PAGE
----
MANCHESTER has had a global profile for more than 150 years, since the dawn of the industrial revolution. But today’s elegant core of converted warehouses and glass skyscrapers is a far cry from the smoke-covered sprawl George Orwell once described as “the belly and guts of the nation”. Its renewed pre-eminence expresses itself in various ways, most swaggeringly in its football, as home to the world’s most famous and wealthiest clubs – Manchester United and Manchester City, respectively – but also in a thriving music scene that has given birth to world-beaters as diverse as the Hallé Orchestra and Oasis. Its cultural significance is epitomized by the bi-annual Manchester International Festival that features upwards of twenty world premiers of new, creative talent. Moreover, the city’s celebrated concert halls, theatres, clubs and cafés feed off the cosmopolitan drive provided by the country’s largest student population outside London and a blooming, proud gay community.
There are plenty of sights, too: the centre possesses the Manchester Art Gallery, the National Football Museum and the fantastic People’s History Museum as well as the Museum of Science and Industry, while further out, to the west, the revamped Salford Quays are home to the prestigious Lowry arts centre, complete with a handsome selection of L.S. Lowry paintings, and the stirring and stunning Imperial War Museum North.
Despite a history stretching back to Roman times, and pockets of surviving medieval and Georgian architecture, Manchester is first and foremost a Victorian manufacturing city. Its rapid growth set the pace for the flowering of the Industrial Revolution elsewhere – transforming itself in just a hundred years from little more than a village to the world’s major cotton centre. The spectacular rise of Cottonopolis, as it became known, arose from the manufacture of vast quantities of competitively priced imitations of expensive Indian calicoes, using water and then steam-driven machines developed in the late eighteenth and nineteenth centuries. This rapid industrialization brought immense wealth for a few but a life of misery for the majority. The discontent this came to a head in 1819 when eleven people were killed at Peterloo, in what began as a peaceful demonstration against the oppressive Corn Laws. Things were, however, even worse when the 23-year-old Friedrich Engels came here in 1842 to work in his father’s cotton plant: the grinding poverty he recorded in his Condition of the Working Class in England was a seminal influence on his later collaboration with Karl Marx in the Communist Manifesto.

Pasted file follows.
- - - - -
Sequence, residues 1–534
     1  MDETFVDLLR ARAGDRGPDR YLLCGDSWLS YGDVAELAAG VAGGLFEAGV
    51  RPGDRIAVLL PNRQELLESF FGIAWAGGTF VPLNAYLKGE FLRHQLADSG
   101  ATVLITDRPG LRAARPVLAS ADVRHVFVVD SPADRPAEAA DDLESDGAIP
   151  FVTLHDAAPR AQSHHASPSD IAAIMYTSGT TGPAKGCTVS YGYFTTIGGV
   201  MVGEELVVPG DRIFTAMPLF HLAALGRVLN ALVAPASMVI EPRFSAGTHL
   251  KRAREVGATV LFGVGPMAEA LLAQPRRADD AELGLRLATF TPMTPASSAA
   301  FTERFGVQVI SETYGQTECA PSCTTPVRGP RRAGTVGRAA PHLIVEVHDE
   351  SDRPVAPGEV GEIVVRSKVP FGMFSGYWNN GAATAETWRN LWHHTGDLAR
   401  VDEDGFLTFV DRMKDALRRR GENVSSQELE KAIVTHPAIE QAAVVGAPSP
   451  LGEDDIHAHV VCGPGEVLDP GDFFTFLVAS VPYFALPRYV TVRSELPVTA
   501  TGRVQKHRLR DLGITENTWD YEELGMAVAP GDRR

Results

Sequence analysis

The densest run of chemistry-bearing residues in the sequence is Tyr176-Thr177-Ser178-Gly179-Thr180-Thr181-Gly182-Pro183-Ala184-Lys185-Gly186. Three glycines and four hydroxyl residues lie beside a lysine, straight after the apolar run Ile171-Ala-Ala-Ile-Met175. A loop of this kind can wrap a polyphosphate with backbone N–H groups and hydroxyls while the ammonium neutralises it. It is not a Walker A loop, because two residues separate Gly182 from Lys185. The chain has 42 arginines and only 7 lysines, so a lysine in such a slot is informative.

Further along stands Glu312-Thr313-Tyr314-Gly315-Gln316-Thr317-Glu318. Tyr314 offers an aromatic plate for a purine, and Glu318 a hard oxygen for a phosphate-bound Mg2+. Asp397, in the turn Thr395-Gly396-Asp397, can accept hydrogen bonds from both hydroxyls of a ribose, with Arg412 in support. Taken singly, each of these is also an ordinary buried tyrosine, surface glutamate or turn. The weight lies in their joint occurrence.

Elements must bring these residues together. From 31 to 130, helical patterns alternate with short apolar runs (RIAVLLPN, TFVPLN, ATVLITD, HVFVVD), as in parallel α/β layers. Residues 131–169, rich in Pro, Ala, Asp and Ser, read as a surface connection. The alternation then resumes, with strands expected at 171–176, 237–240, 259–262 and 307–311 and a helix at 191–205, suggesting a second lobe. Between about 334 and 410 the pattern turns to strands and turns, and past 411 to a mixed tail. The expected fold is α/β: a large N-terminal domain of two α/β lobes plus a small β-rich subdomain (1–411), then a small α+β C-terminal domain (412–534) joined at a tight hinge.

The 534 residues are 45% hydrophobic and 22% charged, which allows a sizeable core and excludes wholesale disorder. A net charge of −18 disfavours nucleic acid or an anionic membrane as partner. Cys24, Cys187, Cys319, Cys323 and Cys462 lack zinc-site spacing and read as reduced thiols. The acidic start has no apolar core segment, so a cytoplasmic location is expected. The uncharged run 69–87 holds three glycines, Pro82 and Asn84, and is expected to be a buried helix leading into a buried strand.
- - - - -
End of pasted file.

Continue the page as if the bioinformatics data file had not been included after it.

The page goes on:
The Manchester Ship Canal, constructed in 1894 to entice ocean-going vessels into Manchester and away from burgeoning Liverpool, played a crucial part in sustaining Manchester’s competitiveness. From the late 1950s, however, the docks, mills, warehouses and canals were in dangerous decline. The main engine of change turned out to be the devastating IRA bomb, which exploded outside the Arndale shopping centre in June 1996, wiping out a fair slice of the city’s commercial infrastructure. Rather than simply patching things up, the city council embarked on an ambitious rebuilding scheme, which transformed the face of the city forever.